The next day my singing voice was good enough and the sore throat no worse, but I had that feverish, shredded nerves, sensitive, painful-skin feeling that you get when you have the flu or some other nasty fever.

That was in the 1st few days of May 2019, and I wasn’t to feel better than this again until well into January 2020, and often much, much worse.

Some days later I developed a full-on fever/virus type of thing and could barely leave my bed for a few days. I recovered from this part of the road but the underlying feeling of soreness, illness and fever remained as strong as ever.

Weird Symptoms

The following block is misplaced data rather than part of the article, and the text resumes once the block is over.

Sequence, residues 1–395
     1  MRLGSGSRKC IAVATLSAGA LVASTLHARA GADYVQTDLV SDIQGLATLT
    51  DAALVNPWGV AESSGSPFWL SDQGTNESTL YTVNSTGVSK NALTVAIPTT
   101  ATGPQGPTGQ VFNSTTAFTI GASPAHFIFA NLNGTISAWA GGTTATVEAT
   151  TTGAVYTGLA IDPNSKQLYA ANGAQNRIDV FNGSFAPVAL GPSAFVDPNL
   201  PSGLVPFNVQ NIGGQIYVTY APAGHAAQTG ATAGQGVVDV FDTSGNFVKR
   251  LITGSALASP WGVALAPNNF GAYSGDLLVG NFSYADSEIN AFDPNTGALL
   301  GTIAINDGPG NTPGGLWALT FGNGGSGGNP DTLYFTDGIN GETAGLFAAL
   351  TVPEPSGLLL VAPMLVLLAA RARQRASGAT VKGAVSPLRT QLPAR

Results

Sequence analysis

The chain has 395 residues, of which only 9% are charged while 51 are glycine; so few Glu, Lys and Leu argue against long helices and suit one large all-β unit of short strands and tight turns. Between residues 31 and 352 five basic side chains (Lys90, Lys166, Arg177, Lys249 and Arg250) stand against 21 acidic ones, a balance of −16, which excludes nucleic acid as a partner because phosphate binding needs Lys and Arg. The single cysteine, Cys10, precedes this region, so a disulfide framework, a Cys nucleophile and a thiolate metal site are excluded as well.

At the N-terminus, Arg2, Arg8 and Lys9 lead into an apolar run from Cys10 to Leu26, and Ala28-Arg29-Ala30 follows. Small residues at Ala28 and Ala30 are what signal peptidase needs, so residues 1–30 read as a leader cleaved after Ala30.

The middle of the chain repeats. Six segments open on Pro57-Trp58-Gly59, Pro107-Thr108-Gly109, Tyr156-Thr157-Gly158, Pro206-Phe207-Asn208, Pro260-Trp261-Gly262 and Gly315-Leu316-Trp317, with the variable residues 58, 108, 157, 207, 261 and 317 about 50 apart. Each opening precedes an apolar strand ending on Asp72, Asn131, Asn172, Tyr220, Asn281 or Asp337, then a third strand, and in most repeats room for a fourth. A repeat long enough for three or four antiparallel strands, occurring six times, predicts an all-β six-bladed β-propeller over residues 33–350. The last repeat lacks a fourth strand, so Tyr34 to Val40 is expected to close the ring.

I would start to get weirder and weirder symptoms; on one day an arm would be so weak I could barely even lift a light rucksack with it, the next day it would be the other arm, then one leg, then the other  (but mostly both). I walk a heck of a lot and thought that my shuffling along in tiny, painful footsteps might’ve been to do with overdoing it, but it’s nothing I wasn’t used to. I noticed all down one side of my body a had a rash of huge welts. These were painless, not itchy, not red or sore or anything, but a worry nevertheless given everything else going on. This slowly faded but to some horror, returned again a few weeks later. Perhaps the strangest symptoms of all was when one of my eyes swelled up (I looked as if I’d been punched in the eye and all the flesh around it had swollen up), the next day my nose swelled up (it’s big enough anyway, thanks) and then... you guessed it, the other eye! Actually the swollen-nose part of this was really painful, it felt as if all the cartilage in there was about to explode under the pressure. In addition my hunger levels changed, I normally eat massive meals, especially in the evenings. I lost much of my appetite and even lost interest for a while in toast and marmite (which I’m addicted to).